Politics & Economics

Can the opposition in Algeria fill the vacuum left by Bouteflika?

North Africa

Algerians are debating the solutions to the current political impasse in Algeria and what the future holds for a country hoping for democracy and freedom.

Protesters continue to flood the streets of Algeria demanding change and an end to autocratic rule in the country. They are demanding an end to the 20-year rule of President Abdelaziz Bouteflika, who has now pledged to stand down. However, many Algerians are not convinced that he will be true to his word and are worried that even if he does step down, one of his allies will come in to fill his role and thus continue the cycle of authoritarianism in the country.

Algerians, therefore, are determined to continue their efforts to ensure that their country transitions from authoritarianism to democracy. Among the most striking aspects of this protest movement is the fact that the momentum has not dropped and the protests have remained entirely peaceful.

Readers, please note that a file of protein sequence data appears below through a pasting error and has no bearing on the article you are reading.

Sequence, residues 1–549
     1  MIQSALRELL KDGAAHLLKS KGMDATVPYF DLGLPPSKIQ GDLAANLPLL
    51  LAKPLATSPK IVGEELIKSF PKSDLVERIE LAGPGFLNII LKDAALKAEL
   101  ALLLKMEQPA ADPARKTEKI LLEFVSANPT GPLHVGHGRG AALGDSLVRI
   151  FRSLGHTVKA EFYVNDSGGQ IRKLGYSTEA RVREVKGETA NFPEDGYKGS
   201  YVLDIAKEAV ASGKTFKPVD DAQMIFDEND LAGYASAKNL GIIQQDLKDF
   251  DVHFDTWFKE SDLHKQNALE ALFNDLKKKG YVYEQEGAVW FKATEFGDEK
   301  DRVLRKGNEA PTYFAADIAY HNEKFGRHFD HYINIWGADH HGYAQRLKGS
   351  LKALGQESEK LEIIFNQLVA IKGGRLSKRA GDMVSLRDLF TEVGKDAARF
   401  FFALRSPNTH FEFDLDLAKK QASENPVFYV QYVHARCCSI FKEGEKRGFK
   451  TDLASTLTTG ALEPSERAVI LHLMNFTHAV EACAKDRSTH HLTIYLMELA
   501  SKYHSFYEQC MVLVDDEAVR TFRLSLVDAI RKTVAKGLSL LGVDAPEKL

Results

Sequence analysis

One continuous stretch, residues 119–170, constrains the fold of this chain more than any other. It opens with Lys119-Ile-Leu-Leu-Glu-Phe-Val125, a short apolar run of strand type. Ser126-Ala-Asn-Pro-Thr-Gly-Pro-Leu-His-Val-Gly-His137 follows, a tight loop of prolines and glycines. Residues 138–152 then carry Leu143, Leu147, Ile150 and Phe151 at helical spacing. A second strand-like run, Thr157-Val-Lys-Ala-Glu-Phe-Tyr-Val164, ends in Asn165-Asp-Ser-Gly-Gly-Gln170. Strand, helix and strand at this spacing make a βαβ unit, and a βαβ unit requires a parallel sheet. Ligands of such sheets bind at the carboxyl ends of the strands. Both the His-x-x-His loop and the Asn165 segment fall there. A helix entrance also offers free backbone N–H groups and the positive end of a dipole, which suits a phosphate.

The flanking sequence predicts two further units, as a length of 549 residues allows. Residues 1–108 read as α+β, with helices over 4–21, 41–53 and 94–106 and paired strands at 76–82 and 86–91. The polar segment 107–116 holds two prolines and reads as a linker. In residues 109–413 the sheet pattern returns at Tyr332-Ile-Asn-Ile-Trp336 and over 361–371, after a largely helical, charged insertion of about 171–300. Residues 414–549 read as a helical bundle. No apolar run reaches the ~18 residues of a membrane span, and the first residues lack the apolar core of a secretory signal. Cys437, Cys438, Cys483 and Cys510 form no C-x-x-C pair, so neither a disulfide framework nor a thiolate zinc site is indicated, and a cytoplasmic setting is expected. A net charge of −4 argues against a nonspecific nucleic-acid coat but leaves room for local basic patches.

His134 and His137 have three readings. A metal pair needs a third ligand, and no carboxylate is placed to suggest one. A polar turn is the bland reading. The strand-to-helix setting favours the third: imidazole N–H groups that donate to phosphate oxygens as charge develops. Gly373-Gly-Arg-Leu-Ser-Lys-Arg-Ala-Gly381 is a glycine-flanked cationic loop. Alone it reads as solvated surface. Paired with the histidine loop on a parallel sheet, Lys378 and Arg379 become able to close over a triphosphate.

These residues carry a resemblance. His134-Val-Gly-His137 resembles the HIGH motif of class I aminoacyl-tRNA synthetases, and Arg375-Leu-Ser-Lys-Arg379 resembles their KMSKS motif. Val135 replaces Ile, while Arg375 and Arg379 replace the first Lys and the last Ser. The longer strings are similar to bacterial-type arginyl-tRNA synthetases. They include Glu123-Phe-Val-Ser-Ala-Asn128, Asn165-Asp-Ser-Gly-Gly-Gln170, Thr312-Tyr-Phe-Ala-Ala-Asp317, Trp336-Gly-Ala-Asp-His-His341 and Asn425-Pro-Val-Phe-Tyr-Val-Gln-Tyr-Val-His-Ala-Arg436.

Meanwhile, the traditional opposition has tried to capitalise on the popular protests and have suggested a potential route towards democracy. This includes a transition period of no more than six months, during which the power holders within the outgoing presidency will be transferred to a presidential body based on popular support. This body will form a caretaker government, which will establish an independent electoral monitoring body, and amend the Election Law. It remains to be seen whether this alternative will be accepted by the current ruling class and the protest movement.

Algerians are well aware of their own past, with memories of the ‘Black Decade’, when political unrest led to a bloody civil war that claimed the lives of more than 200,000 people, still etched in the psyche of many in Algeria. They are also aware of the fate of many other countries that experienced similar levels of popular anti-government protests and are wary of replicating the bloodshed and military seizure of power in Egypt, the unstable situation in Libya, or the devastation of Syria.

But Algerians also believe in the possibility of a different future, one that brings to fruition an Algeria imagined by them. This popular movement is an expression of this new hope and desire and serves as a unique opportunity for the people’s voices to be heard.